by Tom Gaylord ©2009
This article originally appeared in Airgun Illustrated magazine, but I thought it was interesting enough to bring it to you here.
Show an airgun of almost any type to someone who doesn’t know airguns, and they’ll call it a BB gun. Many will call it a Red Ryder. Veteran airgunners are used to this reaction from the public, but when they get with other enthusiasts the conversation becomes deeper and more precise. But not always! I discovered a few years ago that very few real airgunners are aware of just how a BB gun powerplant really works, so I thought I’d take the time to illustrate it.
Daisy helped me with this project by sending the shot tube and spring mechanism for one of their modern lever-action airguns. We’ll call it a Red Ryder, and it may well be, but the mechanism is common to more than just a single model. Because I have a modern mechanism to examine, I will report on just that; but if you take the time to look at the older models, you’ll see a lot of their design has been carried forward.
The BB gun powerplant is a hybrid of both the spring-piston and the catapult designs. The one we will examine uses gravity to feed the BBs, though other types, such as a spring-powered forced-feed magazine found in a Daisy model No. 25 pump BB gun, will work just as well with this powerplant. For the rest of this discussion, please refer to the illustrations as you read.
1. Prepare to fire
The gun is cocked and ready to fire, with the hollow air tube retracted just behind the next BB. The BB is held in place by a small magnet. So, even if you shoot straight down, a BB should come out. The “magazine” is nothing more than the hollow cavity formed between the inner shot tube (the true barrel) and the outer sheetmetal “barrel” of the gun. When the muzzle is elevated to cock the lever, gravity pulls the BBs down against a sloped surface that has a funnel-like channel at its lowest end. The BBs organize into a single column in this channel, and they drop down toward the BB seat where the magnet is located. All of this action depends on the muzzle being elevated, and nothing but gravity holds those BBs in place; so, they realign this way every time the gun is cocked.
2. Gun is fired
The sear has released the piston so the mainspring drives it forward. At the same time, the air tube that projects from the center of the piston has pushed the BB off its magnetic seat and started it down the barrel. A low initial velocity is imparted by this mechanical catapulting action. This is the catapult part of the powerplant.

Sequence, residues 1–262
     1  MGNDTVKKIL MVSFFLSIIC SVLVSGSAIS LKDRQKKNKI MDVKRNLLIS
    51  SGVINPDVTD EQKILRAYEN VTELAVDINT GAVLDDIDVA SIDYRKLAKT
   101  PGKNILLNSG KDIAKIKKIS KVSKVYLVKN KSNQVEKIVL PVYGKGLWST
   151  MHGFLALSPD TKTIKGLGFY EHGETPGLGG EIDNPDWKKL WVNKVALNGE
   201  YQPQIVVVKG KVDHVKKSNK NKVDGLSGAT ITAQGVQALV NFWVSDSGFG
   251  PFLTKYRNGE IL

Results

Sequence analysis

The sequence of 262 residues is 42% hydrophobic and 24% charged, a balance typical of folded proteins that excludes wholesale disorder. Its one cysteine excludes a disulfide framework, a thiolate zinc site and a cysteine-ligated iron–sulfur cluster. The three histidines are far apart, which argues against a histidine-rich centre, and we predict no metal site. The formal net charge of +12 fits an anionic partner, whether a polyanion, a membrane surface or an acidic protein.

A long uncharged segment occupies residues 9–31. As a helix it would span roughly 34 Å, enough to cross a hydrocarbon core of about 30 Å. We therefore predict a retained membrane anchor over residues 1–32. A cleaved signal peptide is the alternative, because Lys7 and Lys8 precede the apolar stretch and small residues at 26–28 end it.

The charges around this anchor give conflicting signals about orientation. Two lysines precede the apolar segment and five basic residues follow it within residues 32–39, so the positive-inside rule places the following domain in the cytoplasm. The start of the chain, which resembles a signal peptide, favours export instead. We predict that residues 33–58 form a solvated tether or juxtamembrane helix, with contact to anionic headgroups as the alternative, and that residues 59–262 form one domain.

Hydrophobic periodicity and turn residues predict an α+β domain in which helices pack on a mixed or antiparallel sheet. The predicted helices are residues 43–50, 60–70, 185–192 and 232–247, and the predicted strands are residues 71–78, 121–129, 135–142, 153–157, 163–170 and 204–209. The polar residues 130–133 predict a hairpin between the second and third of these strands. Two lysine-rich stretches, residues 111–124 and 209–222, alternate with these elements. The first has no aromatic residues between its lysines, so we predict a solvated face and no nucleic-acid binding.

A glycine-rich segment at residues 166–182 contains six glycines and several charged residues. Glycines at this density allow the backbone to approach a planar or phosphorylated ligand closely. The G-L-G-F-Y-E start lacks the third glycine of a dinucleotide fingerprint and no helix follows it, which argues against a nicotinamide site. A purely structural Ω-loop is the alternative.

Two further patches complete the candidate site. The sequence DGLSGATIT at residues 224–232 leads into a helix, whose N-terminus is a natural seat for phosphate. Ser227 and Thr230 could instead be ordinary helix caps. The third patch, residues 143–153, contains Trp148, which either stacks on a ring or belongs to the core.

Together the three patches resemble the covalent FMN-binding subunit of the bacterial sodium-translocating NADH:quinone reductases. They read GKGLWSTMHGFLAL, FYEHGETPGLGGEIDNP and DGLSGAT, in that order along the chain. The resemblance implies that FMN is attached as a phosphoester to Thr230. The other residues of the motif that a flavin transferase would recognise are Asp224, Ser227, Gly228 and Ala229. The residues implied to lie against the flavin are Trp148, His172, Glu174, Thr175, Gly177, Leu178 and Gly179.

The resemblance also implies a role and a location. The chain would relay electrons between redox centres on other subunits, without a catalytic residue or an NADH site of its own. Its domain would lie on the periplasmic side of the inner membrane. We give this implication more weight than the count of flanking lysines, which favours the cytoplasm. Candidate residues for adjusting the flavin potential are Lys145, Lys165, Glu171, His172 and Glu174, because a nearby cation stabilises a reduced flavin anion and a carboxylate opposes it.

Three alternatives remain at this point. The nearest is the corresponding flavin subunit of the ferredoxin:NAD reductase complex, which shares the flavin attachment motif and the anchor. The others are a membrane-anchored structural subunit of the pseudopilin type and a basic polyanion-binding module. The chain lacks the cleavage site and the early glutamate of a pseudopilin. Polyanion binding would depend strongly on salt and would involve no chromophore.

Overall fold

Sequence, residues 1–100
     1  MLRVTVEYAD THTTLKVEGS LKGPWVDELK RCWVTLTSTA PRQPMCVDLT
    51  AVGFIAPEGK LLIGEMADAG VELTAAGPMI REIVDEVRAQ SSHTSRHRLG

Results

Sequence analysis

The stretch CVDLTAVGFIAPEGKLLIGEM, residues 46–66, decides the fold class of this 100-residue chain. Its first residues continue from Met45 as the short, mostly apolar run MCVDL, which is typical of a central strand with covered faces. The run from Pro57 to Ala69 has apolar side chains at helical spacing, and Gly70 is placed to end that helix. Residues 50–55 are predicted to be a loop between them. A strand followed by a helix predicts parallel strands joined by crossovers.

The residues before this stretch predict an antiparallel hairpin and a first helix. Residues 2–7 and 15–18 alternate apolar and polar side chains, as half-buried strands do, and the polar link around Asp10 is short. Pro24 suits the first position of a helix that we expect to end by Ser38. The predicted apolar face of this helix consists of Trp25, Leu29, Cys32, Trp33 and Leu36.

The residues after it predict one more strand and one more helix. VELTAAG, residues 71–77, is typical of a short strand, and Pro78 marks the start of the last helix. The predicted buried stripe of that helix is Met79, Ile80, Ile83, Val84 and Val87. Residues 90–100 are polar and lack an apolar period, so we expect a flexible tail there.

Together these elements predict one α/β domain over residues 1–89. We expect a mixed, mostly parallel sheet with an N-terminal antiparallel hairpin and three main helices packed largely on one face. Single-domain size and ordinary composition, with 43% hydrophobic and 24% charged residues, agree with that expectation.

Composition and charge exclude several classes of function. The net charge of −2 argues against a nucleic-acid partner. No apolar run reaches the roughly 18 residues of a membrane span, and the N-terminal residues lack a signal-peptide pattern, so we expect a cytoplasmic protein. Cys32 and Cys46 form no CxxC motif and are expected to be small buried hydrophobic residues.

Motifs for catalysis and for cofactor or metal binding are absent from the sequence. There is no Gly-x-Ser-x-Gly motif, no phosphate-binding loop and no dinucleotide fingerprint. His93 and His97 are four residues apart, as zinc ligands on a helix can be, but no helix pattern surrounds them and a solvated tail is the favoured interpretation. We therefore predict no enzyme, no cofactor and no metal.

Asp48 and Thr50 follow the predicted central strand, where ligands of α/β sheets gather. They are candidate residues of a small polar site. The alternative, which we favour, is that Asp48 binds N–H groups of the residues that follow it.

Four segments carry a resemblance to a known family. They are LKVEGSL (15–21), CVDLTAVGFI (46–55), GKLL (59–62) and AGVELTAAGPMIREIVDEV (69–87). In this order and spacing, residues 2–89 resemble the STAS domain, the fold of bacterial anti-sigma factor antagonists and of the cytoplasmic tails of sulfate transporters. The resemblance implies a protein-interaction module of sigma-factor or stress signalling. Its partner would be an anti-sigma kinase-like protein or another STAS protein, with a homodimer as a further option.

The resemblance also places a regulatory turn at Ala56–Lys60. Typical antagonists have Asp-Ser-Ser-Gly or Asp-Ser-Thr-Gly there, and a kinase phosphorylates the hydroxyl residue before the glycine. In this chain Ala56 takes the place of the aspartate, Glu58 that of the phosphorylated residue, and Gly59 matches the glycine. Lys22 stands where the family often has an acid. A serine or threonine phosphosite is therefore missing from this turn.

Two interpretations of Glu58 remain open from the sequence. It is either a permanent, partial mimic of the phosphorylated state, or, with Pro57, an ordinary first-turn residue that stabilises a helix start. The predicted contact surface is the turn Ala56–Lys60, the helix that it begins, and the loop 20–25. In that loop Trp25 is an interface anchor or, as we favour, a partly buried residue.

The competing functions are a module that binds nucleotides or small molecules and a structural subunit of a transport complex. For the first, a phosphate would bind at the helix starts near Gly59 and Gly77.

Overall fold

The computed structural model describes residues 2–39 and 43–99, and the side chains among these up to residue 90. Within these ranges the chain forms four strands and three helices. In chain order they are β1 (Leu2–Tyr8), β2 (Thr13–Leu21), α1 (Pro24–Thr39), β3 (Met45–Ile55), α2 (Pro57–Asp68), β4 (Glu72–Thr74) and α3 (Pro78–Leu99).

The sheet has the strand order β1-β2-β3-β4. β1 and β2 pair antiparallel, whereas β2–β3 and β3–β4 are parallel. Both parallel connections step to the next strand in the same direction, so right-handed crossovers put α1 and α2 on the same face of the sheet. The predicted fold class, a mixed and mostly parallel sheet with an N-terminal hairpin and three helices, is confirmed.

3. The compressed-air blast
The piston has slammed to a stop against the back of the shot tube, squeezing all the air from the compression chamber and through the hole at the back of the air tube. The air is now highly compressed and travels up the air tube, where it exits behind the BB that is already in motion. It imparts a boost of velocity to the BB, accelerating it to its terminal velocity. This is the spring-piston part of the powerplant.
4. Gun is cocked
Cocking withdraws the piston and air tube assembly, making room for a BB to roll down and be captured by the magnetic seat. The gun is now ready to fire again.
That’s the cycle of the BB gun powerplant. As you now can see, it relies on both a catapult action and a spring piston to do its job. The combination of these two forces works like the booster rockets in a space vehicle; only in this instance, the boost means that the mainspring can be made light enough for younger folks to cock, yet still supply adequate power to launch a BB.
Spring & piston assembly: The mainspring is held captive by the piston assembly. A spring anchor in the gun holds the back of the spring steady when the cocking lever withdraws the piston and compresses the spring. Notice the long air tube that projects from the front of the black piston seal on the right. It fits inside the shot tube assembly, where it aligns with the barrel.
There are other types of BB gun powerplants, of course. Some are common, like the CO2 guns that simply blast the BB out the barrel, but others are very subtle. In future issues we may look into some of these powerplants as well, but the one we looked at here is by far the most common and most important type of BB gun powerplant there is.